Mobile Session Design: Player Commitment
Why does a player want to come back to your game?
As a mobile game designer, you need to come up with a very compelling answer. Creating a polished, addictive game is half the battle. You need to find ways to nudge your players to come back to the game after they have left. Designing your game around pulling your player back in is the critical battle on mobile.
So what games are good at pulling players back in? Not necessarily the games with the best mechanics.
Looking at the top ranks on the AppStore, it is inevitable as a traditional game designer that you will look at some of these games and be baffled at how they could possibly be so addicting and have so much traction. The player enters the game and collects simple rewards (which require no strategic input from the player). These actions levels up the player using archaic RPG mechanics, then the player quickly leaves. While it is easy to point and spot flaws, it is also important to recognize why these mechanics work on mobile. Specifically, these games allow the player to enter and exit the game very quickly. The player comes in, knows exactly what they need to do, quickly makes their strategic moves, and then leave to carry on with their daily lives. The game is adaptive to the player’s life, it allows them to complete a clear bite-sized section of gameplay within 30 seconds, and is clearly built with mobile in mind.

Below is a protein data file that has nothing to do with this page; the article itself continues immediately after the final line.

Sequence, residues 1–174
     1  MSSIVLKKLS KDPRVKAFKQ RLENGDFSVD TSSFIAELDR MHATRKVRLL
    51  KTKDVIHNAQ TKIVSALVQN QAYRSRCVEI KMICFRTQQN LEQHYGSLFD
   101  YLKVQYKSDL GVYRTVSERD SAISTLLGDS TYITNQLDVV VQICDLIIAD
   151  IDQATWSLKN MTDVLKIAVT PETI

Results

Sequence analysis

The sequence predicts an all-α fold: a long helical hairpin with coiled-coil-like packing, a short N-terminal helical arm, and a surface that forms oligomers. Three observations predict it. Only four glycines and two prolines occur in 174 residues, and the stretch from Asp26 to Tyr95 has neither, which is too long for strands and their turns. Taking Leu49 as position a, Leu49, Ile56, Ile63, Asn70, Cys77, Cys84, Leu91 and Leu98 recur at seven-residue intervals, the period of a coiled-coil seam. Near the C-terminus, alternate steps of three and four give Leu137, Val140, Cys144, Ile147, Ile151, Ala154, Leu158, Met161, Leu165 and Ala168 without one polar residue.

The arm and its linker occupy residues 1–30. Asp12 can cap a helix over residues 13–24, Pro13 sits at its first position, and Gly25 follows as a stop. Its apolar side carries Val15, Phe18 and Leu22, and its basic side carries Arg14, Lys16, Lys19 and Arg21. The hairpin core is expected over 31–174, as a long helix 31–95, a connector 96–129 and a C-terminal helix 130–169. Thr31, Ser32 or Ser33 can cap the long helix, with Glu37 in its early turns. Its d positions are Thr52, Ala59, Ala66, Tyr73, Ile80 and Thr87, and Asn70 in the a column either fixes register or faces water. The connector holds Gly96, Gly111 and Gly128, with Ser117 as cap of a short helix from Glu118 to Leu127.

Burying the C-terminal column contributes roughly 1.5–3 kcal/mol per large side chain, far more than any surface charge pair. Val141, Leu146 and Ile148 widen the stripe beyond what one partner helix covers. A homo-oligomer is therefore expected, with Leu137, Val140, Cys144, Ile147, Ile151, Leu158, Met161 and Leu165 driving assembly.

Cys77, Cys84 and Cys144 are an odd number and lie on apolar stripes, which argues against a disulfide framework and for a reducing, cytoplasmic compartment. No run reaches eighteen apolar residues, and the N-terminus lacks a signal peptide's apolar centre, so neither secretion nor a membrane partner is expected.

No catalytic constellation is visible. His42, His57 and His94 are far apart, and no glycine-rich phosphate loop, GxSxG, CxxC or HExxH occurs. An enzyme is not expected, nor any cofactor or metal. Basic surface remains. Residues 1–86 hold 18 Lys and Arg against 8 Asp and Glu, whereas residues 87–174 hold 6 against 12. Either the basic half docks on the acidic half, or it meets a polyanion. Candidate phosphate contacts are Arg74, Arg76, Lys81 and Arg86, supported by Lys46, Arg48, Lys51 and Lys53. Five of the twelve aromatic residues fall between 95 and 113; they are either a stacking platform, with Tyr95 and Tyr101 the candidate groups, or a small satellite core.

Yet despite how little time they are actually in the game, they are immersed in this environment while they are not even playing. While outside of the game, players commonly think of what they are going to do next, they plan out their long term goals, and rethink their strategy of their previous sessions. Even when the progression is fairly linear (for example, Cookie Clicker). This is an incredibly powerful technique that is a driving force of why these mobile games are so addicting. This is partially why FarmVille got its edge when it did, and why mobile games with similar mechanics continue to gain traction on Mobile platforms. So as a game designer, before you look to point flaws and discredit games that use these mechanics, challenge yourself to create a deep, immersive game mechanic which allows the player to obsess while they are away.
There are 3 strategies that help drive re-engagement on mobile :
- Building player commitments
- Always have reasons to return
- Flexible session design
Today I am only going to write about one: Player Commitments. The remaining two will follow in future blog posts.
Building Player Commitments
The most basic and impactful way to drive players to return after they have left your game is to push players to make a commitment to return before they leave the app.
The most well understood example of this is the farming crop mechanic. A player “plants” an object in your game, and chooses which contract they want: do they come back in 5 minutes for a little bit of crop, or in 4 hours for a large harvest. Regardless of which length they choose, they’ve made a commitment to return to the game.